We would go on to hold our Trek the next year and many, many years afterwards. In 1977, I added a 500-mile bike trek to complement the Sierra Trek, and later a three-day bike trek. By 1980, I had gone national with the program and Lung Associations were holding treks across the nation. Millions of dollars would be raised for our organizations and thousands of people would experience backpacking and bicycling adventures. Of equal importance, the Trek program recruited a whole new set of dedicated volunteers to the organization. And— from a purely personal perspective— it provided me with a 30-year excuse to play in the woods!

Now that I’ve told the story of the first Trek, it’s time to head back farther in time and relate how I first fell in love with wandering the woods. It all started when I was kicked out of the first grade for a year and started escaping to the jungle-like graveyard that was just across the alley from our house with only a grumpy dog for company. It was a long, long time ago in another world. Please join me next Monday as I kick off Section 2 of “It’s 4 AM and a Bear Is Standing on Top of Me.”


Wednesday’s Blog-a-Book post from “The Bush Devil Ate Sam”: Ever stop to think about what role your DNA would play in determining who you would grow up to be? I came from a long line of wanderers. Heading off to Africa seemed like a natural thing to do. I’ll introduce some of my ‘wilder’ ancestors including Great Great Grandfather George who struck it rich in the California gold rush and was then thrown off a ship into the Pacific Ocean and Uncle William who had his head chopped off by tomahawks.

Friday’s travel blog: Peggy and I are over on the Oregon Coast, this time in Brookings. So… there may be more ocean photos. Or… I may break out some more desert photos.

25 thoughts on “The Sierra Trek Ends with Its Biggest Surprise Yet!

  1. Before I even reached the end of your post where you related the benefits, I was already reminded of an acquaintance who developed a very successful business, sort of an Outward Bound experience for corporate executives. I guess it is the sort of experience that makes you better — if it doesn’t kill you.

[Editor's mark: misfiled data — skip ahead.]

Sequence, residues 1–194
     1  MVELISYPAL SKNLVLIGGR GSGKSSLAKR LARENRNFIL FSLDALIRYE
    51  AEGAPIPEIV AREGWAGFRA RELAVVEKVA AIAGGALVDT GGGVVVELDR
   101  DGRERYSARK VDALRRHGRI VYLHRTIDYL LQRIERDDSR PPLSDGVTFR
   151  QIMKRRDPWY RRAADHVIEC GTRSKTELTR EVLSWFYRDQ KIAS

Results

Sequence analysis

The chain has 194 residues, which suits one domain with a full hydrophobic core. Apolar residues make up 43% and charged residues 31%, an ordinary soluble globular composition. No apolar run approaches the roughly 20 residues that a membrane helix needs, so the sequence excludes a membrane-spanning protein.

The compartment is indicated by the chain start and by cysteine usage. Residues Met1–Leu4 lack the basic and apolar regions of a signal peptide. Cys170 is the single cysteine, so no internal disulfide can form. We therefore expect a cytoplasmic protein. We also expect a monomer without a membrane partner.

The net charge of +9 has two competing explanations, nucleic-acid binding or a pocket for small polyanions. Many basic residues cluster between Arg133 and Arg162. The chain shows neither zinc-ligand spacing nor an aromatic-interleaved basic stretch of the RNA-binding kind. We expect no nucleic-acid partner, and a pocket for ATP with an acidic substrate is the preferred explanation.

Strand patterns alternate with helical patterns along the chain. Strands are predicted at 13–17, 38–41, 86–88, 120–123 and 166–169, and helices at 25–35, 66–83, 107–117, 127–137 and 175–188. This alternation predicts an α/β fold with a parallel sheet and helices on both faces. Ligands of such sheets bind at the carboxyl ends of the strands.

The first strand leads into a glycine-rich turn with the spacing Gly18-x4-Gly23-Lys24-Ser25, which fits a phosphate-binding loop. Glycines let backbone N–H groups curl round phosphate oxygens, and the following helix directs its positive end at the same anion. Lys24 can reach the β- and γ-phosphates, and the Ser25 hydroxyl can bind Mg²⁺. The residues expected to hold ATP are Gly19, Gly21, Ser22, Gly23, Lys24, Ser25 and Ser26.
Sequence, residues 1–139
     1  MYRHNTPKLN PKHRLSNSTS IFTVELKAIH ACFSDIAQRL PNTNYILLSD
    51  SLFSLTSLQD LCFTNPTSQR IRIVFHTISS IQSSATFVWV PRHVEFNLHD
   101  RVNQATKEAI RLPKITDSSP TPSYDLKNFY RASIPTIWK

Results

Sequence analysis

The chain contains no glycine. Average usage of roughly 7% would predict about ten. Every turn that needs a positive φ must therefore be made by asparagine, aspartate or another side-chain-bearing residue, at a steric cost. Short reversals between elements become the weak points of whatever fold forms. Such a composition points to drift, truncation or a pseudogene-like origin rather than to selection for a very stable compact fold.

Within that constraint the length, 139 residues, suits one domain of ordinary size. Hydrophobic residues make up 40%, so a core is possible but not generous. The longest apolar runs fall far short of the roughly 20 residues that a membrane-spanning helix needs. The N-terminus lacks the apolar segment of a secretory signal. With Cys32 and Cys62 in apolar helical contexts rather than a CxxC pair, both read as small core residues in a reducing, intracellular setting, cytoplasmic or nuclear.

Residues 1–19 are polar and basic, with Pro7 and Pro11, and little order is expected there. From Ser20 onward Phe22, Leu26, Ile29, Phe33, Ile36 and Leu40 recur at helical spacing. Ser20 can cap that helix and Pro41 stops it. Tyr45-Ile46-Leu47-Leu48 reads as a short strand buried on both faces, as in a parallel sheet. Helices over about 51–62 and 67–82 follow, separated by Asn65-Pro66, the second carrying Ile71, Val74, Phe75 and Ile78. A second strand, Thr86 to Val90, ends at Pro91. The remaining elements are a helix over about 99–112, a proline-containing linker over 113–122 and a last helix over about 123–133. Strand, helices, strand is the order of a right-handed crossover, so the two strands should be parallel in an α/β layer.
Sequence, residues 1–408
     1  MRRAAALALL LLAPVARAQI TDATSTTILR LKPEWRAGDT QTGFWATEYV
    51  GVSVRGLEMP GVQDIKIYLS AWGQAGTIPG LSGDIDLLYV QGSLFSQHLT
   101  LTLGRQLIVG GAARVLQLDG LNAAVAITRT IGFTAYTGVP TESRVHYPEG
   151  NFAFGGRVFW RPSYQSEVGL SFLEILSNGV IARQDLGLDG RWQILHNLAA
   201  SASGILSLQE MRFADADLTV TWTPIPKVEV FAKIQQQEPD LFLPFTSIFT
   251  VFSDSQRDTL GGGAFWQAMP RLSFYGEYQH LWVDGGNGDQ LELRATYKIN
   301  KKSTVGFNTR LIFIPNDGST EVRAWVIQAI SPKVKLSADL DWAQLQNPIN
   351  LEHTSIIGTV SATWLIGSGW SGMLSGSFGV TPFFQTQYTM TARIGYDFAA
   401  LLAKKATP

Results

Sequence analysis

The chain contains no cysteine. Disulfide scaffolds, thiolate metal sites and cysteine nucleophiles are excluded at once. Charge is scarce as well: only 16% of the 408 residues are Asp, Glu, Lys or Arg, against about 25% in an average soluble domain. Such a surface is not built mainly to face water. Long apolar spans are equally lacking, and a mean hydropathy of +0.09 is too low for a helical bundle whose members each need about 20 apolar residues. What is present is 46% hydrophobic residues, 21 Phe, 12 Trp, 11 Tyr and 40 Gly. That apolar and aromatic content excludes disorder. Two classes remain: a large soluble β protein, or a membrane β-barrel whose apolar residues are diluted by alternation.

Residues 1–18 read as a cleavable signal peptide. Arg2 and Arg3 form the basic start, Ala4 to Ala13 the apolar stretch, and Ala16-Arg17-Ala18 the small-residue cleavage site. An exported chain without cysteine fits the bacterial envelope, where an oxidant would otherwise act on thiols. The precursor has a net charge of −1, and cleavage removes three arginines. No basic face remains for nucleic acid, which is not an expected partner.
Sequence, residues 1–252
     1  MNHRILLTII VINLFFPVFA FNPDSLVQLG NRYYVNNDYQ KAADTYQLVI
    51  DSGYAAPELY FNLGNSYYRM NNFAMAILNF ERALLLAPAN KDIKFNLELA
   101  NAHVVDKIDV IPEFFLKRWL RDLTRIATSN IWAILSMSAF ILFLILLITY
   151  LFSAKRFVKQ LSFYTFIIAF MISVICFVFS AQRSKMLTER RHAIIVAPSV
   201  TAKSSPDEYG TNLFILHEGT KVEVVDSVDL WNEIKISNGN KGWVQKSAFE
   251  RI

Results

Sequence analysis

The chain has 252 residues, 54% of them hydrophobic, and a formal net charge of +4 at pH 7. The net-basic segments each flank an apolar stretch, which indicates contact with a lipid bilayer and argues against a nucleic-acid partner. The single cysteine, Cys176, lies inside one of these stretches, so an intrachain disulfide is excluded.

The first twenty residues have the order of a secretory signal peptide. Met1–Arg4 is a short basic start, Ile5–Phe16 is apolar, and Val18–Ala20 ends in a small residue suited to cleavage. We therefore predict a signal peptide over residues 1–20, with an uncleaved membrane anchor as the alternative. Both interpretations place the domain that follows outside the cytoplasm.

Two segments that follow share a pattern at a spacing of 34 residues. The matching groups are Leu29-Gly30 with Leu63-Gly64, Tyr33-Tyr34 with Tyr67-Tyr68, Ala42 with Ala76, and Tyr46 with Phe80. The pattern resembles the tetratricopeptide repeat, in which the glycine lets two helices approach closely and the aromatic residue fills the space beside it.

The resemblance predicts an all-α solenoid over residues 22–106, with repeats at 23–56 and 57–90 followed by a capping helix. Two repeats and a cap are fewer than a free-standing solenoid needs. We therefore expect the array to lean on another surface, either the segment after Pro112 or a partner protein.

• Never had anyone killed out there, Ray. 🙂 Knock on the biggest tree one can find. There were several directions I could have taken the trekking program, But working for the Lung Association enabled me to follow two other passions I had, the environment and public health. Later, on the three day bike treks, I encouraged corporate teams to sign up and had good success with them. It was a win-win-win for the Lung Association, the companies and the participants. –Curt

  2. So glad my ‘drop in’ moment on your blog co-incided with the end of your first trek. What an achievement and what a lifetime of work for people and the planet you initiated – great to look back on – or forward to more treks!

    • And I’m glad your timing coincided, Hillary. With the exception of Section 2, where I talk about the lead up to trekking, There are many more ‘wild’ outdoor adventures coming, including my 700 plus mile backpacking trip I went on two years ago to celebrate my seven dates of life. 🙂 –Curt

    • You hit it on the head, Alison. It’s like walk-a-thons except longer. After the first year, I required that they raise a minimum in pledges but they still raised the money on a per mile basis. Thanks. –Curt

  3. Well that’s one way to lose twenty pounds! If I was as adventurous as you I’d give it a shot, especially after gaining the Covid 10 (or so…) lol. Can’t wait to read about your roaming around the woods!

  4. So… did you ever find your fanny? I laughed at your comment about “this is no democracy.” It reminded me of life aboard. The Captain is the Captain is the Captain — provided there’s no mutiny.

    • My fanny came back, Linda. Grin. I banned it again on my 700 mile backpacking adventure two years ago. I think it has been afraid to come back ever since… afraid I might go out and repeat the trek.
      Yep, the captain is the captain. I ran an easy ship, however. Only reverting to my captain is captain role when critical.
      I’ve sailed with a couple of Captain Blighs… Not much fun. I’m not made for taking orders, although I understand (and for the most part avoid) situations where it ranges from important to critical. 🙂

  5. I love reading about your adventures of the wanderers like you that I would tolerate for a few days. Clearly you have it in your blood to have wandered off to the jungle like graveyard in the first grade. Your poor parents. I could have been like that woman not wanting to cross the FREEZing no doubt river or heading straight up the mountain. Good thing you didn’t have 2 of those. I think i’d have opted for the hills. Wait I missed your trauma with Jo?
    Wow, what butt is right after that hike is right. A few 6 packs and I’m sure it was back. 🤣🤣🤣🤣

  6. A great story Curt, I have enjoyed every day of your Trek. You were definitely born to manage dealing with extreme situations, in a way or another. And I bet you have endless stories from those 30+ years of wilderness🙂